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Can J Anaesth. 1996 May;43(5 Pt 1):442-9.

A double-blind comparison of ropivacaine 0.5%, 0.75%, 1.0% and bupivacaine 0.5%, injected epidurally, in patients undergoing abdominal hysterectomy.

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  • 1Department of Anaesthesia, University of Alberta, Toronto, Canada.



Ropivacaine is a new long-acting, injectable local anaesthetic currently undergoing clinical investigation world wide. It is structurally very similar to bupivacaine, but with less potential for central nervous system or cardiac toxicity. The purpose of this double-blind study was: to investigate the dose-response relationship of increasing doses of ropivacaine on the quality of anaesthesia and the duration of both motor and sensory blockade, and to compare these results with an established local anaesthetic, bupivacaine.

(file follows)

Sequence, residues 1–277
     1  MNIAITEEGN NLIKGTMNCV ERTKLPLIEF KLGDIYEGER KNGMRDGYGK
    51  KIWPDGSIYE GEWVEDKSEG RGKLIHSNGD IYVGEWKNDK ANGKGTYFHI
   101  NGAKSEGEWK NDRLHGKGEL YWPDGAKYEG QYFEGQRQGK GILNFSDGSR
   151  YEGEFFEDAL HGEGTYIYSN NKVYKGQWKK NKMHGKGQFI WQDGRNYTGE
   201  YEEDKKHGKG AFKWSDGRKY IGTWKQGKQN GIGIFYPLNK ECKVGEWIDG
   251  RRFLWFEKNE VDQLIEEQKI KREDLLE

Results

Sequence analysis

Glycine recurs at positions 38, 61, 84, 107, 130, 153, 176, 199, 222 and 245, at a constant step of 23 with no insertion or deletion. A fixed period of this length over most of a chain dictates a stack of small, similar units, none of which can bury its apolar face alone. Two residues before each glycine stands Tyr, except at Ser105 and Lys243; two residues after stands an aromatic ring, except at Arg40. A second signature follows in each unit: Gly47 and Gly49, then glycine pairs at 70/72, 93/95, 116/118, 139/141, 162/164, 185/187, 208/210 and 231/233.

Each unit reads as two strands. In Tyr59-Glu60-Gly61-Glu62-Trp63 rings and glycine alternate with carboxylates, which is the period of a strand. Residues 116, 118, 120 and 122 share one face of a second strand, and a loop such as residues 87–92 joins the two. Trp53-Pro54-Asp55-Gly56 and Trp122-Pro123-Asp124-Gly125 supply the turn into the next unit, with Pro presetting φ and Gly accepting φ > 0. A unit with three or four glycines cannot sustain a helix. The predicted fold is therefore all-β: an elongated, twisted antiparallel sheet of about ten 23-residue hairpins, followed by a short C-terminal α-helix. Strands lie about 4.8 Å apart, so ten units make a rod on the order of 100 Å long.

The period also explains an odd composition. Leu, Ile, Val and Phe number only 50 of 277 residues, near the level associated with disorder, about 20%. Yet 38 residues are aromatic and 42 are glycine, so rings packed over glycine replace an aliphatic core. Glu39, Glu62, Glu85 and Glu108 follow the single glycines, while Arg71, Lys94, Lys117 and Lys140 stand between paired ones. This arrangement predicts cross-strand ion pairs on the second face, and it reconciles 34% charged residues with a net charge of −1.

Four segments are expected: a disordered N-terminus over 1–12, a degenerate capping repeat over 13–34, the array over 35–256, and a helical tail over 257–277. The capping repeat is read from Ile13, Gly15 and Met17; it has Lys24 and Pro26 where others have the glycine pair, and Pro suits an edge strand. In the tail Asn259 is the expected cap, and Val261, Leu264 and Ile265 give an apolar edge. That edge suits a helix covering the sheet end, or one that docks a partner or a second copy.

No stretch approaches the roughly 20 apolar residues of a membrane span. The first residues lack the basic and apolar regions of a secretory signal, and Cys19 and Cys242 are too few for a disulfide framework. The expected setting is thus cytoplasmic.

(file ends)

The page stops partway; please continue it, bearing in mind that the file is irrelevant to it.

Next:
One hundred and twenty five patients were randomly assigned to one of four treatment groups and 116 completed the study. Epidural anaesthesia was established using 25 ml test solution, injected over three minutes following a satisfactory test dose. Sensory onset, spread and duration, using the pin prick method, and motor scores using a modified Bromage scoring system were compared.


A dose/response relationship was observed with increasing doses of ropivacaine for all variables tested except analgesia and muscle relaxation (P < 0.01). There were differences in: (i) motor onset (Levels 1 and 2), when ropivacaine 1.0% was compared with ropivacaine 0.75% and 0.5% (P < 0.05); (ii) in sensory duration at all levels except T6 when ropivacaine was compared with ropivacaine 0.5% (P < 0.05); (iii) differences in sensory duration at T12 and S1 when ropivacaine 1.0% was compared with bupivacaine 0.5% (P < 0.05); (iv) differences in motor duration at all levels when ropivacaine 1.0% was compared with ropivacaine 0.5% (P < 0.05). No serious adverse events were reported in this study.


Increasing doses of ropivacaine were associated with an increased clinical effect. The most consistent differences occurred when ropivacaine 1.0% was compared with 0.5% and the least consistent between ropivacaine 0.5%, 0.75% and bupivacaine 0.5%. The main difference between ropivacaine 1.0% and bupivacaine was in sensory duration. No serious adverse events were reported.

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